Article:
Tuesday Exercise 2.1: Hardware Differences in the OSG

The goal of this exercise is to compare hardware differences between our local cluster (CHTC here at UW–Madison) and an OSG glidein pool. Specifically, we will look at how easy it is to get access to resources in terms of the amount of memory that is requested. This will not be a very careful study, but should give you some idea of one way in which the pools are different.

In the first two parts of the exercise, you will submit a bunch of jobs that differ only in how much memory each one requests; we call this a parameter sweep, in that we are testing many possible values of a parameter. We will request memory from 1–16 GB, doubling the memory each time. One set of jobs will be submitted locally, and the other, identical set of jobs will be submitted to OSG. You will check the queue periodically to see how many jobs have completed and how many are still waiting to run.

Part 1: Checking on the availability of memory (locally)

In this first part, you will create the submit file for both the local and OSG jobs, then submit the local set.

Yet another queue syntax

Yesterday, you learned about the queue statement and some of the different ways it can be invoked to submit multiple jobs. Similar to the queue from statement to submit jobs based on lines from a specific file, you can use queue in to submit jobs based on a list directly from your submit file:

queue <# of jobs> <variable> in (
<item 1>
<item 2>
<item 3>

For example, to submit 6 jobs that sleep for 5, 5, 10, 10, 15, and 15 seconds, you could write a submit file like the following:

executable = /bin/sleep

queue 2 arguments in (

Try submitting this file yourself and checking the jobs that end up in the queue with condor_q -nobatch.

Create the submit files

To create our parameter sweep, we will create one submit file with multiple queue statements and change the value of our parameter (request_memory) for each batch of jobs.

  1. If not already, log on to learn.chtc.wisc.edu
  2. Create and change into a new subdirectory called tuesday-2.1 – doing things this way will make Part 2 much easier
  3. Create a submit file that is named sleep.sub and that executes the command =/bin/sleep 30=\

    If you do not remember all of the submit statements to write this file, or just to go faster, find a similar submit file from yesterday, copy and rename it here, and make sure the argument to sleep is 30 (although the exact value does not matter for the test).

  4. Use the queue in syntax to submit 25 jobs requesting 2, 4, 8, 16, and 32GB of memory, e.g. you should have 5 jobs requesting 2GB, 5 jobs requesting 4GB, etc.
  5. Save the submit file and exit your editor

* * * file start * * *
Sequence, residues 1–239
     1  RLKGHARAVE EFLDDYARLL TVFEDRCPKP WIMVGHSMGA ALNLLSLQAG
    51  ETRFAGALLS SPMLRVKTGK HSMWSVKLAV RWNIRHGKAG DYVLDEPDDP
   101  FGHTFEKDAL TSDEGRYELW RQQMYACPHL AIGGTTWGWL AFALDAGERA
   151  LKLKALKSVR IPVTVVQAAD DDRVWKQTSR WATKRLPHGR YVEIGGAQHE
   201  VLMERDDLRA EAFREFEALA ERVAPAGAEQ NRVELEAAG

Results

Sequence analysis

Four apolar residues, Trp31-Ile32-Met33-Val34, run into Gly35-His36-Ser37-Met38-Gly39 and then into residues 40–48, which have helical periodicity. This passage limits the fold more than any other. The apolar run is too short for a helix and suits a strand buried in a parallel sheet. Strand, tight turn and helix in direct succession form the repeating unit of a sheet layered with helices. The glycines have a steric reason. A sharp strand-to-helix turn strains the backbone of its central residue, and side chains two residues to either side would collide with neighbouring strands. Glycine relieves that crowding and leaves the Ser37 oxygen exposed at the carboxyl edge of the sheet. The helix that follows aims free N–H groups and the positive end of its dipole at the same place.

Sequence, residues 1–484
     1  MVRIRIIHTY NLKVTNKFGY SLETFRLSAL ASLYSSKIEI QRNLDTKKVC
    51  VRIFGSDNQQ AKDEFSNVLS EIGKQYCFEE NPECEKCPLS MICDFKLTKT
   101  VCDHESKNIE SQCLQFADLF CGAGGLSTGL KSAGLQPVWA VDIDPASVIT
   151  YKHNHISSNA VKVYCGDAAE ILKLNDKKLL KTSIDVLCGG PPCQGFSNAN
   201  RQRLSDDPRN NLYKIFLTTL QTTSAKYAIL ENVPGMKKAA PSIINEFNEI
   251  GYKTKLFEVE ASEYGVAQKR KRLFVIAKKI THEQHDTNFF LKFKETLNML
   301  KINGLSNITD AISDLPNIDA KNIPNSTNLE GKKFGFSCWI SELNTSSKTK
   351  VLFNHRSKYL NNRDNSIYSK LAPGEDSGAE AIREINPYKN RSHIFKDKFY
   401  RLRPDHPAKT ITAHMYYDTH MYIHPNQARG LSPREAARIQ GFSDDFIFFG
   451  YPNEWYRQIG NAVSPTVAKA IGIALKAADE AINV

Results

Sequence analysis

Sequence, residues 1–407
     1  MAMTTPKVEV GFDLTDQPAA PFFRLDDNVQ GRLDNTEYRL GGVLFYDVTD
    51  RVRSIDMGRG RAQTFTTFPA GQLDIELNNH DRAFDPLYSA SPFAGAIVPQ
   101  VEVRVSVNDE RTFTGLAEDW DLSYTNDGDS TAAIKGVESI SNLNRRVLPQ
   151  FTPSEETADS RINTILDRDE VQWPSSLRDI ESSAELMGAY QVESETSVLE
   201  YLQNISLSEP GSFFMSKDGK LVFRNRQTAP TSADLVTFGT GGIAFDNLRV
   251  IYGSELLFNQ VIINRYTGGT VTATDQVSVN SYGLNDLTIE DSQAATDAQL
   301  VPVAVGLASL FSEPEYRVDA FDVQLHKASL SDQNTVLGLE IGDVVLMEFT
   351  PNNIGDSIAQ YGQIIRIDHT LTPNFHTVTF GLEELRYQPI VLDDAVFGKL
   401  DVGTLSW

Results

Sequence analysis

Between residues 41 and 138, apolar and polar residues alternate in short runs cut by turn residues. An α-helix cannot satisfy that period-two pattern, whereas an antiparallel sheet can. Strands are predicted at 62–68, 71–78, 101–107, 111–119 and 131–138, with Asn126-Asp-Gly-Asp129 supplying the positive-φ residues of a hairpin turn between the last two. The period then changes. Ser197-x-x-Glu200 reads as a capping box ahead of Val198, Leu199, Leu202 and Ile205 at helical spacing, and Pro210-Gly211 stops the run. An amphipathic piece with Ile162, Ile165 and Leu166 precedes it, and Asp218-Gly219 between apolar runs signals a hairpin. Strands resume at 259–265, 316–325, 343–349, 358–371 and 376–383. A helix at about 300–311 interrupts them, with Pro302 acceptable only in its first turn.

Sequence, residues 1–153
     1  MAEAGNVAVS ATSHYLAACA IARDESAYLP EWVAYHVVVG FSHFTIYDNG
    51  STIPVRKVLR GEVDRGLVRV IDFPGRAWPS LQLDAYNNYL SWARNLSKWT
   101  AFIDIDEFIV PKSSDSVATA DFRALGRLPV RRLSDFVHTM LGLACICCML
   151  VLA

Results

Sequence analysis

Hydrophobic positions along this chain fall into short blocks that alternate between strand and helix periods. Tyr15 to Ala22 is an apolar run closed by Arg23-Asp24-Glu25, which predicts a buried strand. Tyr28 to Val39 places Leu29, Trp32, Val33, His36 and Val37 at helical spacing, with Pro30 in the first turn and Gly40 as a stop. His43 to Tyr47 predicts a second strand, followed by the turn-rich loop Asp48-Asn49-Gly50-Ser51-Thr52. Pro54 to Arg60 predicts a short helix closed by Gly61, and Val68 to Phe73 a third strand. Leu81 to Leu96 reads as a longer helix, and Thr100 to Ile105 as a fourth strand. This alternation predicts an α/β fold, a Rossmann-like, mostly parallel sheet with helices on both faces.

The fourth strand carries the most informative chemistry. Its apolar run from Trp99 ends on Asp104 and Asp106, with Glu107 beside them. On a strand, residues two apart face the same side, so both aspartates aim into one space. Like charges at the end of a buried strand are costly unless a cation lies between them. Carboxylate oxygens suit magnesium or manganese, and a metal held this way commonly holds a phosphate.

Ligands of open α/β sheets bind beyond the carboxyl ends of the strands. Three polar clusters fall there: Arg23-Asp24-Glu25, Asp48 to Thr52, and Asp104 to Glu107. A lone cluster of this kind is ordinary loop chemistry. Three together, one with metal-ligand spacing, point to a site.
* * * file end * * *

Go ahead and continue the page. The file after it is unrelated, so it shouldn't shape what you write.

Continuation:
6. Submit your jobs

Monitoring the local jobs

Every few minutes, run condor_q and see how your sleep jobs are doing. To easily see how many jobs of each type you have left, run the following command:

%UCL_PROMPT_SHORT% condor_q <span style="background-color: #D1CAF2;"><Cluster ID></span> -af RequestMemory | sort -n | uniq -c

The numbers in the left column are the number of jobs left of that type and the number on the right is the amount of memory you requested in MB. Consider making a little table like the one below to track progress.

Memory Remaining #1 Remaining #2 Remaining #3
2 GB 5 3
4 GB 5 3
8 GB 5 4
16 GB 5 4
32 GB 5 5

In the meantime, between checking on your local jobs, start Part 2 – taking a break every few minutes to record progress on your local jobs.

Part 2: Checking on the availability of memory (remotely)

For the second part of the exercise, you will just copy over the directory from part 1 on learn.chtc.wisc.edu to osg-learn.chtc.wisc.edu and resubmit your jobs to the OSG. You should have plenty of experience copying over files with scp and submitting them to the OSG so I won't provide instructions here. If you get stuck at any point in this process, refer to exercise 1.2.

Monitoring the remote jobs

As you did in part 1, use condor_q to track how your sleep jobs are doing. You can move onto the next exercise but keep tracking the status of your jobs. After you are done with the rest of the exercises, come back to this exercise, and move onto part 3

Part 3: Analyzing the results

Now that you've finished the other exercise, how many jobs have completed locally? How many have completed remotely?

Due to the dynamic nature of the remote pool, the OSG may have noticed the demand for higher memory jobs and leased more high memory slots for our pool. That being said, 8GB+ slots are a high-demand, low-availability resource in the OSG so it's unlikely that all of your 8GB+ jobs matched and ran to completion. On the other hand, the local cluster has plenty of 8GB+ slots so all your jobs have a high chance of running.

Next exercise

Once completed, move onto the next exercise: Software Differences in the OSG